Words on Blackness

Shakespeare’s words succinctly express the conclusion I drew from my visit to the museum in D.C.

In November 2020, I visited the National Museum of African American History and Culture in our nation’s capital, Washington D.C. There the sight of exhibits showcasing the accomplishments of many human beings who had one thing in common – their identity – greeted me. The idea that these humans identified throughout history by a qualifier such as negro, colored, black, and most recently African-American was the overarching criteria that led to the inclusion of their work in these exhibits. What impressed me about the exhibits was the fact that each life was honored without mentioning the controversy, shame, or ridicule that the expression of their life may have attracted while that person was alive. Certainly, controversies were mentioned to provide context, however, they were not the focus of the exhibit. Rather the focus was on the black person’s art, music, sportsmanship, political contribution, et cetera.  

The narratives that suggested that somehow that individual and those like him had made a mistake in their lifetime was not present. Instead, the person and his accomplishment was showcased to highlight their personal brilliance, and less to explain the complexity of the time.

For instance, when I gazed upon a photograph taken of members of the Crips gang of Los Angeles, I wondered why the commentary about how gangmembers’ lives are cautionary tales for youth to heed, was absent. And when I looked at James Brown’s costume that had the word ‘sex’ embroidered across the abdomen just above the crotch, I winced at the thought that this was a poorly chosen outfit. I worried that the cautionary words to the youth — that unprotected sex can lead to lifelong difficulties – having been left out could have rendered the James Brown display unbalanced.  And yet there it was before my eyes. I walked away from the exhibit with a sense that whatever we do with our lives is all worthy of notice. Shakespeare’s words come to mind. He once wrote in his play entitled Hamlet that nothing is either good or bad, but thinking makes it so.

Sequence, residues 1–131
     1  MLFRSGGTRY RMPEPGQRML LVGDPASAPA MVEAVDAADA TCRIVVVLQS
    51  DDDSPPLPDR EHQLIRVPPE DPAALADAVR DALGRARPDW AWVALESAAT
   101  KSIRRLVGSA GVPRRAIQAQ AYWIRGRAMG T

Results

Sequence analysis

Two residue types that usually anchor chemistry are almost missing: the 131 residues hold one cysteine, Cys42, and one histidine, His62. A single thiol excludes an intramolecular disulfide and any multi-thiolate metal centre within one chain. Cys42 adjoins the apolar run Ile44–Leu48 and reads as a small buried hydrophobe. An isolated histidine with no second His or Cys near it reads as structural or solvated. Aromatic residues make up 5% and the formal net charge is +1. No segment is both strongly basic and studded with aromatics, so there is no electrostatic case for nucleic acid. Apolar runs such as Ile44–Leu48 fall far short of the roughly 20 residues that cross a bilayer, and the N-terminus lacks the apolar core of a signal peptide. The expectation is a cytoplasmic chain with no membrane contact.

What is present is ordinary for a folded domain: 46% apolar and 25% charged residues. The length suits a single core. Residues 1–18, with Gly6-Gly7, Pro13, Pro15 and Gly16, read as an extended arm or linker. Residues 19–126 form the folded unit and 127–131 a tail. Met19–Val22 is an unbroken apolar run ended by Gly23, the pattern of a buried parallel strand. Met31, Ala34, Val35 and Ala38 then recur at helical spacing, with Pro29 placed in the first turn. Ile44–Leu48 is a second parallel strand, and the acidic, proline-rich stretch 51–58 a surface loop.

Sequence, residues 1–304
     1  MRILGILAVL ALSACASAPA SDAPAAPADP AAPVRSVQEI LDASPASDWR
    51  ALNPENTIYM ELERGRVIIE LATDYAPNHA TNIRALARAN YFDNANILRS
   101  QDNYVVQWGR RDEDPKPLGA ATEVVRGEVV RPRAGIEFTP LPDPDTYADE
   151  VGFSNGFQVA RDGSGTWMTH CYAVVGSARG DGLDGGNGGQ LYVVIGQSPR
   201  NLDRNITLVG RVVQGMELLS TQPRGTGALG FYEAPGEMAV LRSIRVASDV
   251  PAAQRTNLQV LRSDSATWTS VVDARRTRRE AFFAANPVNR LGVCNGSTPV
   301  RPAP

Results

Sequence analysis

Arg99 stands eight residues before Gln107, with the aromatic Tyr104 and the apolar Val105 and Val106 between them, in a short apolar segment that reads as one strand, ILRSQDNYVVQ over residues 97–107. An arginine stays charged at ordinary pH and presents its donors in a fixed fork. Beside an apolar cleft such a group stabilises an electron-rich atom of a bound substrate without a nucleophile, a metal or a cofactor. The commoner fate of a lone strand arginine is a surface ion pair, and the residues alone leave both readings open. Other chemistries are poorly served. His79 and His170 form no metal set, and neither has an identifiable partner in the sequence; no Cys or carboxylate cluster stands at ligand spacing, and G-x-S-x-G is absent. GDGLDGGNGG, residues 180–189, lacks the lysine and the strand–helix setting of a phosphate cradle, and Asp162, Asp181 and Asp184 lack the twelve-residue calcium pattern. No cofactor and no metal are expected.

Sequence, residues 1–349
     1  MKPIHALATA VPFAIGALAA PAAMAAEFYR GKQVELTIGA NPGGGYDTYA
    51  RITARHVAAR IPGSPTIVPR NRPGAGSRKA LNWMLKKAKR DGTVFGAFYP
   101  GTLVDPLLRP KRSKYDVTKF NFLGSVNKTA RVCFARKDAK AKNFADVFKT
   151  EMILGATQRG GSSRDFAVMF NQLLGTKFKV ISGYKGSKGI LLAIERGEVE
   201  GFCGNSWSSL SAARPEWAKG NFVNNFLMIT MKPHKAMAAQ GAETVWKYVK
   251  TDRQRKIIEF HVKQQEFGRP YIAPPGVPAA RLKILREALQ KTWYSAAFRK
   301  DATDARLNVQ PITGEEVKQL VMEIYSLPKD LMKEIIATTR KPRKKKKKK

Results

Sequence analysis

To that end, I have decided to praise all those who like me identify with Blackness in whatever capacity. Personally, I have learned through the reading of Baratunde Thurston’s work entitled How to Be Black that there is no one way to be Black. I am not alone in drawing this conclusion as I have already heard the words “I’m rooting for everybody Black” uttered by filmmaker Issa Rae during her red carpet interview at the Emmy Award ceremony in 2017. This statement is deeply rooted in the experience of people who look like me who have felt the sting of exclusion at the hand at those who look unlike me.